- Billionaire 2020 candidate Mike Bloomberg dropped out of the Democratic primary on Wednesday and endorsed former Vice President Joe Biden.
- The former New York City mayor spent over $500 million on his campaign, but he dropped out after getting trounced on Super Tuesday.
- “I’ve always believed that defeating Donald Trump starts with uniting behind the candidate with the best shot to do it,” Bloomberg said in a statement after dropping out. “After yesterday’s vote, it is clear that candidate is my friend and a great American, Joe Biden.”
- Visit Business Insider’s homepage for more stories.
This story is breaking. Check back for updates.
Billionaire 2020 candidate Mike Bloomberg dropped out of the 2020 presidential race after a disastrous performance in a series of Democratic primaries. Shortly after, he released a statement through his campaign in which he officially endorsed former Vice President Joe Biden.
The former New York City mayor’s decision to leave the race comes after Biden demolished him and other 2020 contenders on Super Tuesday a few days after a convincing win in South Carolina’s primary.
“I’ve always believed that defeating Donald Trump starts with uniting behind the candidate with the best shot to do it,” Bloomberg said in his statement. “After yesterday’s vote, it is clear that candidate is my friend and a great American, Joe Biden.”
“I’ve known Joe for a very long time,” he added. “I know his decency, his honesty, and his commitment to the issues that are so important to our country — including gun safety, health care, climate change, and good jobs.”
Bloomberg won in American Samoa, and nowhere else, despite spending enormous sums of money on his campaign.
The candidate officially entered the race on November 24, 2019, nearly 11 months after some of his competitors.
He entered at a time when Vice President Joe Biden’s campaign had hit a low point — the candidate went on to do poorly in the first three primary contests in Iowa, New Hampshire, and Nevada before a later turnaround.
Bloomberg positioned himself as a centrist alternative to Biden and warned that nominating Sen. Bernie Sanders would spell disaster for Democrats. But he failed to gain traction in the crowded Democratic field and also weathered a string of public controversies about his behavior toward women and previous support for policies like stop-and-frisk.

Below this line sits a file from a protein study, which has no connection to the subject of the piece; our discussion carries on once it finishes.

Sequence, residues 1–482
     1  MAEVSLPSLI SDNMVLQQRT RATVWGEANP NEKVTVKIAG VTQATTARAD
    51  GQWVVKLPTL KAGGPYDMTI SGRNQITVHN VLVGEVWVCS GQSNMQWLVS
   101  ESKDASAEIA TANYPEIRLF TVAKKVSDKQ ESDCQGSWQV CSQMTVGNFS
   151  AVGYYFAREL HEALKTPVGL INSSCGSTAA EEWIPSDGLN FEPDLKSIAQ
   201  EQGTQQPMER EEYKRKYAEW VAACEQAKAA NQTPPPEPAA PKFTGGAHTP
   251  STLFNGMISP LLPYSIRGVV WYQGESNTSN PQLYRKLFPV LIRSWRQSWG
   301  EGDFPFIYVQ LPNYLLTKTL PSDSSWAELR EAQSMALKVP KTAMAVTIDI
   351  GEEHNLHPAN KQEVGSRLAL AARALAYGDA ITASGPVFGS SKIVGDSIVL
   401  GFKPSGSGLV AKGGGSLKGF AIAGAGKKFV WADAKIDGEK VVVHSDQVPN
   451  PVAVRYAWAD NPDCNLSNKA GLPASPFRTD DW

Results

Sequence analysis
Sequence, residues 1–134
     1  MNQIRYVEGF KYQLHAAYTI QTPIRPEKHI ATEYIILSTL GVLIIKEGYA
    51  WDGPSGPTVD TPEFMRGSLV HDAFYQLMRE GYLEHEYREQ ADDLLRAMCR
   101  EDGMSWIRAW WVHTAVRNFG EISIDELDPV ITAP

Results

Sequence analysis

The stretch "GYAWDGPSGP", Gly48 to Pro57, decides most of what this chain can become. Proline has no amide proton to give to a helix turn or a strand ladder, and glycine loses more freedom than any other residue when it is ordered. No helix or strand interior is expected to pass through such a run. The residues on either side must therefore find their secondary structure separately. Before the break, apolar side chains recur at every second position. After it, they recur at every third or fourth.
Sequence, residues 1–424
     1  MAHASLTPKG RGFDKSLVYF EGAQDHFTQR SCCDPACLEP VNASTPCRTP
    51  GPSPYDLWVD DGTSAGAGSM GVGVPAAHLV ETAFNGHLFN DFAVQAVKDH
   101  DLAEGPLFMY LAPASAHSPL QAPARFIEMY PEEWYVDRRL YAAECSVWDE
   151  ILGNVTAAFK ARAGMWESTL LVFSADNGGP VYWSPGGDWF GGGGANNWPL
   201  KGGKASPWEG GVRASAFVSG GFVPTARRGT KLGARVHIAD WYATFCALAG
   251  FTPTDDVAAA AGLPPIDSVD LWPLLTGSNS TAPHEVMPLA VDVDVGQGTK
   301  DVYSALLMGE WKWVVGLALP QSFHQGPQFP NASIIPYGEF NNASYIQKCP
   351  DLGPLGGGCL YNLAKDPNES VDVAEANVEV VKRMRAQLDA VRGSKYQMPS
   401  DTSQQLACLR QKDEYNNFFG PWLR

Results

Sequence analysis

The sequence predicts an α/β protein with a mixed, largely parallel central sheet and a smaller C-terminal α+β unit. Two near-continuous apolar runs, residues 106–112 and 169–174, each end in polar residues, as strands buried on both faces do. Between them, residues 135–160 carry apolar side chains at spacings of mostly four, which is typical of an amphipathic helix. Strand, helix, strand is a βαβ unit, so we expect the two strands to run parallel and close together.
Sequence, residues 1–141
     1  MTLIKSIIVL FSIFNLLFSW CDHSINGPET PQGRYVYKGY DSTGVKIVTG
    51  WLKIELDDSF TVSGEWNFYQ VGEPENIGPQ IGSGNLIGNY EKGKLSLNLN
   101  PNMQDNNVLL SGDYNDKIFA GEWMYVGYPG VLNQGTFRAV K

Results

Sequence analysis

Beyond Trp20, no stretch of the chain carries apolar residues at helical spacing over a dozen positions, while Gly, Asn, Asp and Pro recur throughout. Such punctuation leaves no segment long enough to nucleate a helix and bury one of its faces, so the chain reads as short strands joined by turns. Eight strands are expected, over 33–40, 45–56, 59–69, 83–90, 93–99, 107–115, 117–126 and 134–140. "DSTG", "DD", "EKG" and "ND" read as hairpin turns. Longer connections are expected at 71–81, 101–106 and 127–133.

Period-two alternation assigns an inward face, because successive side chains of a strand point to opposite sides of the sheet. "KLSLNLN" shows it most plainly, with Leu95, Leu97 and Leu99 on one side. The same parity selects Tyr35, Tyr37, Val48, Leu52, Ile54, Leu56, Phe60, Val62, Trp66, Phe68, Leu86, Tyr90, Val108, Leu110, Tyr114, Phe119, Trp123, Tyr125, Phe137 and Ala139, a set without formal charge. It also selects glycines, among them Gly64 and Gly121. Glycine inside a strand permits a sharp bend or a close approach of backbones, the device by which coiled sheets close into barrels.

Bloomberg skipped the first four contests of the race, opting to pour his resources into Super Tuesday’s 14 primaries and relying on strong support in North Carolina and Virginia to stay viable.
While Bloomberg managed to grow his national support with hundreds of millions of dollars in TV, radio, and digital ads, he failed to impress many voters or pundits on the debate stage.
Bloomberg was repeatedly torn apart by his opponents, most notably, Sen. Elizabeth Warren, who attacked his record of implementing the discriminatory stop-and-frisk policing policy, his behavior towards former female employees, and his reliance on his personal wealth to run for office.
Warren received a boost in support after tearing into Bloomberg at the Democratic debate in Nevada in February, where she likened the New Yorker to the president.
“I’d like to talk about who we’re running against — a billionaire who calls women fat broads and horse-faced lesbians,” Warren said to applause. “And no, I’m not talking about Donald Trump. I’m talking about Michael Bloomberg.”
Buying an election
Bloomberg, whose estimated worth is north of $60 billion, spent a over $500 million on his relatively short-lived presidential bid.
Bloomberg officially entered the 2020 primary on November 24 with just 5% support in national polling. But he managed to grow that number through an unprecedented advertising campaign. Bloomberg’s campaign even paid prominent meme accounts to post supportive messages on social media as a way to reach younger voters.
The former Wall Street executive managed to spend more on the first three months of his 2020 presidential campaign than former President Barack Obama did on the entirety of his 2012 reelection bid. By early March, he’d already spent more on TV ads than then-candidates Donald Trump and Hillary Clinton did during the entirety of their 2016 campaigns.
The former mayor is accustomed to spending significant sums on philanthropy and politics. In 2019, he spent $2.8 billion on charitable donations, $1 billion of which went to his alma mater Johns Hopkins University. Bloomberg and his organizations spent more than $100 million on the 2018 midterm elections.
Read more of our best stories on Michael Bloomberg: